For the past few months, we have been including in our weekly stash an “On our Radar” section for books that have caught our eye and attention; books we heard of via other bloggers, directly from publishers, and/or from our regular incursions into the Amazon jungle. This is how the Smugglers’ Radar was born and because there are far too many books that we want than we can possibly buy or review (what else is new?) we thought we could make it into a weekly feature on its own – this way YOU can tell us which books you have on your radar as well!
On Ana’s Radar:
After reading Rosemary and Rue by Seannan McGuire , I realised I wanted to read more UF. I saw this series by Adrian Phoenix and it looks good – anyone has read it?
Karen Mahoney has been raving about Nina Kiriki Hoffman and I can’t wait to give this author a try. I have this one:
Gypsum LaZelle is a misfit in a family of spellcasters-she possesses no magical ability whatsoever. Until the day when she becomes gravely ill, and discovers that her Transition has occurred at last, bestowing upon her a strange and frightening power.
And of course, a couple of YA books:
Monstrumologist by Rick Yancey
These are the secrets I have kept. This is the trust I never betrayed.
But he is dead now and has been for more than forty years, the one who gave me his trust, the one for whom I kept these secrets.
The one who saved me…and the one who cursed me.
So begins the journal of Will Henry, orphaned assistant to Dr. Pellinore War throp, a man with a most unusual specialty: monstrumology, the study of monsters. In his time with the doctor, Will has met many a mysterious late-night visitor, and seen things he never imagined were real. But when a grave robber comes calling in the middle of the night with a gruesome find, he brings with him their most deadly case yet.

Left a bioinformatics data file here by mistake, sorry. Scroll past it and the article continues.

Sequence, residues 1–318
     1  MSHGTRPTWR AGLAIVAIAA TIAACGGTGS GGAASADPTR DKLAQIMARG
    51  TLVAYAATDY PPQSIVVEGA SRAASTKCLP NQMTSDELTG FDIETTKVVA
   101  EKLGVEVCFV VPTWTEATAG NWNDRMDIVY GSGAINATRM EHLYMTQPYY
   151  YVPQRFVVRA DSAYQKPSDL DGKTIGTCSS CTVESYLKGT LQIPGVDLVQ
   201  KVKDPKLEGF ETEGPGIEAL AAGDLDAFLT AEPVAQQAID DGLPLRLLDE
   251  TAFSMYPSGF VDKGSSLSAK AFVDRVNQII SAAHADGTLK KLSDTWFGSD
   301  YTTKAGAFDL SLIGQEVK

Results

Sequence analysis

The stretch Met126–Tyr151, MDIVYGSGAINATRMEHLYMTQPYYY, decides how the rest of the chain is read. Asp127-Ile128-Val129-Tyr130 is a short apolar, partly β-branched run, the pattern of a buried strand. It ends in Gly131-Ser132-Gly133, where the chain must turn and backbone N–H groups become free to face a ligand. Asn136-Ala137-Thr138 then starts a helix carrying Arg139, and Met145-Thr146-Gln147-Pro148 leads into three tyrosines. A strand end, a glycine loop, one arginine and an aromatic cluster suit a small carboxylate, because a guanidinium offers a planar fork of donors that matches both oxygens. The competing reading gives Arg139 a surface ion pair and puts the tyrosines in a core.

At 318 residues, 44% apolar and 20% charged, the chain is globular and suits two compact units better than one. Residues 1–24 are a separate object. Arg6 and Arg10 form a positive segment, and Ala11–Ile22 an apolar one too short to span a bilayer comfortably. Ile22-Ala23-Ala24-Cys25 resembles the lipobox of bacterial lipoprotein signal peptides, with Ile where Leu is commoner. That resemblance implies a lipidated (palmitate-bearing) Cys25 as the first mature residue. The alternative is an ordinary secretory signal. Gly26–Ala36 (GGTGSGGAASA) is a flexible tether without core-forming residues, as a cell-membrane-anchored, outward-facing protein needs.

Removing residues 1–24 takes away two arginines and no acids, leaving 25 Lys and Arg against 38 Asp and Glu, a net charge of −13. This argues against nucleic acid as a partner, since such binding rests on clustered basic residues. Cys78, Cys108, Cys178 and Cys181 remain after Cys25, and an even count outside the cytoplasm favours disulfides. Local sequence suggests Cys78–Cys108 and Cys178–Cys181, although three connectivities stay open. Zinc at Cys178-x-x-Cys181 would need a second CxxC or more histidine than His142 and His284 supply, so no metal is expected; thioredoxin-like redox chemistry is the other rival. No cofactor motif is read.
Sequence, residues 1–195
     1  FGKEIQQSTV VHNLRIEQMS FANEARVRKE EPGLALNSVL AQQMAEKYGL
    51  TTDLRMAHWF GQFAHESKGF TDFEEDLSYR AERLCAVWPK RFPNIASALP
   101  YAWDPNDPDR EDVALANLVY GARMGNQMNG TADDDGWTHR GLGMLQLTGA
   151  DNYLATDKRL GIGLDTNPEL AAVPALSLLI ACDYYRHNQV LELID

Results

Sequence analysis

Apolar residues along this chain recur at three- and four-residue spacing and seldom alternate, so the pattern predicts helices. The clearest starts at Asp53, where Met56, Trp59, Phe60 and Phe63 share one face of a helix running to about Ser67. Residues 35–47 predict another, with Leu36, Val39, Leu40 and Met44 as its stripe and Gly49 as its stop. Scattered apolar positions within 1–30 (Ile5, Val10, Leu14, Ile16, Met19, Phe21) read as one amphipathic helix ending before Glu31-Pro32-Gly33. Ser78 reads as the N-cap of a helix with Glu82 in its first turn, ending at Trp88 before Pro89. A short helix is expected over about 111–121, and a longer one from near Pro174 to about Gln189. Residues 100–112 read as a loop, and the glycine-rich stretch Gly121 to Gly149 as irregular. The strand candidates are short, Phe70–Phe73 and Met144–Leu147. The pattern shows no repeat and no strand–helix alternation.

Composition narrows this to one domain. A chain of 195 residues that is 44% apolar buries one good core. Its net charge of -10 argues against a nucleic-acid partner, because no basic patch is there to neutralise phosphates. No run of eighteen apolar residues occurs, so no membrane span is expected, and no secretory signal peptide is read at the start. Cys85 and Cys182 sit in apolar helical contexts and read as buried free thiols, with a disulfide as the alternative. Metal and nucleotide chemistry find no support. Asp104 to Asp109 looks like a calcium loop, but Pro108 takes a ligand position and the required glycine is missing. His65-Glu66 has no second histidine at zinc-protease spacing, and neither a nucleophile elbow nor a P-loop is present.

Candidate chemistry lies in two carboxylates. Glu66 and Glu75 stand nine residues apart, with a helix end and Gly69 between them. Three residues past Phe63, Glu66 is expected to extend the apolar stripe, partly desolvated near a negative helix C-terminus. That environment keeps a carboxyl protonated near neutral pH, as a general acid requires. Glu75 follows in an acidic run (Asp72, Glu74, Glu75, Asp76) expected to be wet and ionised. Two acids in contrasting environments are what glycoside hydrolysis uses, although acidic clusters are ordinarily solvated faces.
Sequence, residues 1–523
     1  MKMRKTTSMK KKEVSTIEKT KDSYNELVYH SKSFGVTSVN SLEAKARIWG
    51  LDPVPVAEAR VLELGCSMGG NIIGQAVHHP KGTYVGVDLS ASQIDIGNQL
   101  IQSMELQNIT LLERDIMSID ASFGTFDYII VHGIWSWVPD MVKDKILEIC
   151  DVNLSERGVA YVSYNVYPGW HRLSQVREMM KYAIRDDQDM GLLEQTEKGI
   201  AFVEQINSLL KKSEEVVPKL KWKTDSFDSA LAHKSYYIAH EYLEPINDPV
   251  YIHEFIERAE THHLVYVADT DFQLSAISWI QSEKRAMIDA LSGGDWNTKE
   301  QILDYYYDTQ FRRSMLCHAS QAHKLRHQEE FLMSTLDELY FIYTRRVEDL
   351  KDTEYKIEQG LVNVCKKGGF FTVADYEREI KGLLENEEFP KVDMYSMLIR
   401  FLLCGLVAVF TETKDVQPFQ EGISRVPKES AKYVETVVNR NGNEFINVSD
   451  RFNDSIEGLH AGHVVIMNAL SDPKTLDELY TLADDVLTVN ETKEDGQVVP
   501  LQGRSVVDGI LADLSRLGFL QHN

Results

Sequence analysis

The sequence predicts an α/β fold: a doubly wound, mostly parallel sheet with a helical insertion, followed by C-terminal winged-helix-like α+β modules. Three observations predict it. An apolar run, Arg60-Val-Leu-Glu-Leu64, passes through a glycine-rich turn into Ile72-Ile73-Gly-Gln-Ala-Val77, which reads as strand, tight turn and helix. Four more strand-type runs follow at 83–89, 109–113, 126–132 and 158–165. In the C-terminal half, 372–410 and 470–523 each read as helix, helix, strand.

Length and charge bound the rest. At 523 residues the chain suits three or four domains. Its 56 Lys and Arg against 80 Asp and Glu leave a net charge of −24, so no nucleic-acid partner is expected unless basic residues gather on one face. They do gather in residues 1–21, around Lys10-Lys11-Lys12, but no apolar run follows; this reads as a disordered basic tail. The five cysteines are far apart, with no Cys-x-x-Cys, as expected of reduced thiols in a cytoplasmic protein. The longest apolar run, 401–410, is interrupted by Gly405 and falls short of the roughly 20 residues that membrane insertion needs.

Critically acclaimed author Rick Yancey has written a gothic tour de force that explores the darkest heart of man and monster and asks the question: When does a man become the very thing he hunts?
Brightly Woven by Alexandra Bracken
Sydelle Mirabil is living proof that, with a single drop of rain, a life can be changed forever. Tucked away in the farthest reaches of the kingdom, her dusty village has suffered under the weight of a strangely persistent drought. That is, of course, until a wizard wanders into town and brings the rain with him.
In return for this gift, Wayland North is offered any reward he desires—and no one is more surprised than Sydelle when, without any explanation, he chooses her. Taken from her home, Sydelle hardly needs encouragement to find reasons to dislike North. He drinks too much and bathes too little, and if that isn’t enough to drive her to madness, North rarely even uses the magic he takes such pride in possessing. Yet, it’s not long before she realizes there’s something strange about the wizard, who is as fiercely protective of her as he is secretive about a curse that turns his limbs a sinister shade of black and leaves him breathless with agony. Unfortunately, there is never a chance for her to seek answers. Along with the strangely powerful quakes and storms that trace their path across the kingdom, other wizards begin to take an inexplicable interest in her as well, resulting in a series of deadly duels. Against a backdrop of war and uncertainty, Sydelle is faced with the growing awareness that these events aren’t as random as she had believed—that no curse, not even that of Wayland North, is quite as terrible as the one she herself may carry.